Here on my new blog I like to review products and try new beauty trends… but I honestly started this blog when I accepted my face…
As a Korean-American born here in the states I felt like I didn’t belong anywhere. In kindergarten I drew a picture of our class holding hands under a rainbow and my teacher told me “Oh that’s not you” referring to the dark haired stick figure I tried to color in with and tan crayon. “THIS is you”, as she handed me a yellow crayon. Though in the PC era this would have caused outrage, in my childhood being called names, having kids pull the sides of their eyelids down, and learning that your appearance made you different was very common. I grew up bilingual, never took an ESL (English as a second language) class, and have no accent. Yet, occasionally I am reminded that I am different, and to this day I get really confused when people ask me where I’m from….
“Where are you from?”
[Inner monologue] Do they mean my ethnicity? Or like hometown? Where my parents were born? … Wait, why would they want to know where my parents are from? Should I be offended? Nah too soon Rica, too soon… you just met these people….
[Me] Oh I grew up in the DMV area.
[Inner monologue] ANNND they’re looking at me like they want more to that answer. Damnit. Is this a teachable moment for culture? There’s a lot of people here so that might be embarrassing for this guy… Anyways you have to keep it professional, you have to keep a nice business relationship with these people…. but if I let it go they might think that it’s acceptable to be overly nosey based on appearance? Maybe they’re just naturally a nosey person. Oh no… the pause is too long.
[Me] I NEED TO GO TO THE BATHROOM EXCUSE ME! [Exit stage right]
The point is, my appearance has been something that has been fixated over my entire life. By myself and by others that I barely know. Imagine puberty, high school and all the awkwardness of ugly duckling syndrome, but being compared to 2 different standards, neither of which you fit into.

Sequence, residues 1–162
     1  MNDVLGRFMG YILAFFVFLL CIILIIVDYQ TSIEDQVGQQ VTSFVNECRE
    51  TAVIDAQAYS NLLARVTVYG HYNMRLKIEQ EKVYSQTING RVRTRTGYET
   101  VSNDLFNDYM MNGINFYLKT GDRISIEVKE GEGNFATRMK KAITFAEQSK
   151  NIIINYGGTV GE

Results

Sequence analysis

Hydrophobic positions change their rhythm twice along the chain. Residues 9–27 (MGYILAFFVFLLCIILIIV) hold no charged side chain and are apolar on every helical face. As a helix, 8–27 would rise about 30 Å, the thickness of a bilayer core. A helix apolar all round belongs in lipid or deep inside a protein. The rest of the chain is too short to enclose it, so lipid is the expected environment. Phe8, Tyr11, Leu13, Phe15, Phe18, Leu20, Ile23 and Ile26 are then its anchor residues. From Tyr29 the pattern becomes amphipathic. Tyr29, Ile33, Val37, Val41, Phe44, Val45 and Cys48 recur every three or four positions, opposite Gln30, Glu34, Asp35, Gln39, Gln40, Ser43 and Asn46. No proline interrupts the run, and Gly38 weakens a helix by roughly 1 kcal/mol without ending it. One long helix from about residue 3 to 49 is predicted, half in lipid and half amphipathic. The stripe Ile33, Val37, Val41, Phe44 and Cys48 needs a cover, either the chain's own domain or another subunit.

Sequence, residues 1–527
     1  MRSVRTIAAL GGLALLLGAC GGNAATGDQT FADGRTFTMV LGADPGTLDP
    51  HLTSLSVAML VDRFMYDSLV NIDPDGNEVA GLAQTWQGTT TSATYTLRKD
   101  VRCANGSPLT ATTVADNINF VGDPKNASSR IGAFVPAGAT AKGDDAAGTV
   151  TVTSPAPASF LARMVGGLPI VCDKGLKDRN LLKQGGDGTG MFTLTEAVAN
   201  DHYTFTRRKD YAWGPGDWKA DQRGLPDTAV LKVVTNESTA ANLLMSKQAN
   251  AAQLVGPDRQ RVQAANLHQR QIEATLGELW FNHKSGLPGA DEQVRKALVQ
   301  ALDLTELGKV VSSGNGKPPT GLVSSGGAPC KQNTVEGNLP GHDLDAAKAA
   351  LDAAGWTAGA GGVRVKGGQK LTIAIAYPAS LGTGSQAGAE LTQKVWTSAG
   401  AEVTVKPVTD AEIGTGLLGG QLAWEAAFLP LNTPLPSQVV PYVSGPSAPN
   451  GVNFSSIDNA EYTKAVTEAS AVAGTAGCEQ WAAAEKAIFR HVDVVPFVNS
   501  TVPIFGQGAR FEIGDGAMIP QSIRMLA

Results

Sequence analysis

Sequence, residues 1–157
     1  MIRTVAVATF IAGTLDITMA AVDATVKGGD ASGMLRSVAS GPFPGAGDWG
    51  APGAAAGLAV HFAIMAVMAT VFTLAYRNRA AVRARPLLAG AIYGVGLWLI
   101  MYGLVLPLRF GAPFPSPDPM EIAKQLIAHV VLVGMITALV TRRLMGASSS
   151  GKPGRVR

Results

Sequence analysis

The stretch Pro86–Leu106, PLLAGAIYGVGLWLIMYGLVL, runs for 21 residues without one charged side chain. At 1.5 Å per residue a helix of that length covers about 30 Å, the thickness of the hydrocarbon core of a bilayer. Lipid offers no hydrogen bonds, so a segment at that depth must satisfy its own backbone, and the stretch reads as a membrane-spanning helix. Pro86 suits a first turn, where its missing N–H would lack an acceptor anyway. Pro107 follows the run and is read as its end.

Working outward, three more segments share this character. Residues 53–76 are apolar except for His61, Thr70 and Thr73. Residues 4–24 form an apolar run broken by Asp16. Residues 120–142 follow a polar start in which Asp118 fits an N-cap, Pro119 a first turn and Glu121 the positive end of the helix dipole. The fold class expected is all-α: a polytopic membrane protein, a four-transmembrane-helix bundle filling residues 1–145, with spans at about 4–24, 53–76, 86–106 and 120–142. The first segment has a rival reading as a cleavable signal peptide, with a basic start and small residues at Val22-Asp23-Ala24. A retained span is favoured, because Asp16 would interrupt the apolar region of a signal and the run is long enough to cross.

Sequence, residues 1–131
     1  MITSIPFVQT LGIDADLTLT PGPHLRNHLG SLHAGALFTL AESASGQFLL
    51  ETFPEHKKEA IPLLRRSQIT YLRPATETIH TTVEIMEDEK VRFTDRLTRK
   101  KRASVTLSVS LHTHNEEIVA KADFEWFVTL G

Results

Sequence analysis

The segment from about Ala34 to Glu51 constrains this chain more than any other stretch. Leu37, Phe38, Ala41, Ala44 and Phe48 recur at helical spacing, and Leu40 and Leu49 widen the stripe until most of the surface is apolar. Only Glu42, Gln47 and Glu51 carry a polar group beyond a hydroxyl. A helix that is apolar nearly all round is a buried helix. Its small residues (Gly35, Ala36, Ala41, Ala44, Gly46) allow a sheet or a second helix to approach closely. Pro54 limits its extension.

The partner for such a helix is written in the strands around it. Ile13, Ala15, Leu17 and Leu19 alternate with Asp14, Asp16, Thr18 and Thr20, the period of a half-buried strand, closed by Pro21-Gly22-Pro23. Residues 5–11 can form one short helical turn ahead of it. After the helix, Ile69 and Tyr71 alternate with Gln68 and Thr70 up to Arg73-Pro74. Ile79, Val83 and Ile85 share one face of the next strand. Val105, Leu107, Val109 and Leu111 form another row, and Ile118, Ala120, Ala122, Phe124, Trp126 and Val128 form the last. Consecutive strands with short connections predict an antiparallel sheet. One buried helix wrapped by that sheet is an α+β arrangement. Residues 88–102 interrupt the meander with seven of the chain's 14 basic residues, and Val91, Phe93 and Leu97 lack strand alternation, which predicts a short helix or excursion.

I spent my life growing up with boys… At least at that age there was less judgement when you were one of the boys. I wasn’t that into make up, and honestly, no one knew how to do make up on an Asian face with monolids anyways.
In high school someone introduced me to means of temporary eyelid enhancements and I became OBSESSED. For those of you unaware, these are ways in which tapes and glues are used to create an artificial fold in your eye to create a double eyelid. For make up junkies, this is the “crease” that you blend those nude matte shades into for natural depth. Monolids don’t have a crease, or at least not one that is visible when your eyes are maximally open.
Getting eyelid enhancements whether temporary or permanent (surgery) is a very common thing in Korea. I don’t want to get too much into Korean culture, and you can believe what you will… but Koreans like the look of an open and clear face. This includes whiter skin, accentuated eyes, and a smaller face. Imagine like cute harp seal.
You can argue with me if you wish, (because I get this a lot) but Koreans have no desire at all to take on the Caucasian aesthetic. Ideals for a white, open face are documented before our encounters with Caucasian counterparts in our artistry. And if you pay attention to our make up art forms, we go for a completely different look.
But I digress…
For years and years I utilized methods of eyelid and eye enhancement and thought it was normal. For some people it might be a completely healthy thing. Just like plastic surgery, if you do it for the right reasons, then you do you. But I was DEFINITELY not.
I hid it compulsively, waking up early on group trips to get “it” (the eyelid gluing, yes, you have to do it everyday) done before everyone woke up and then pretending to go back to sleep… I tried not to look down or blink too much in public so you couldn’t see that the lid doesn’t unfold… I was deeply ashamed of my eyes, of my face, and of my heritage that was written all over my appearance. People probably knew, but at that time if anyone found out, I don’t think I would have been able to show myself in public.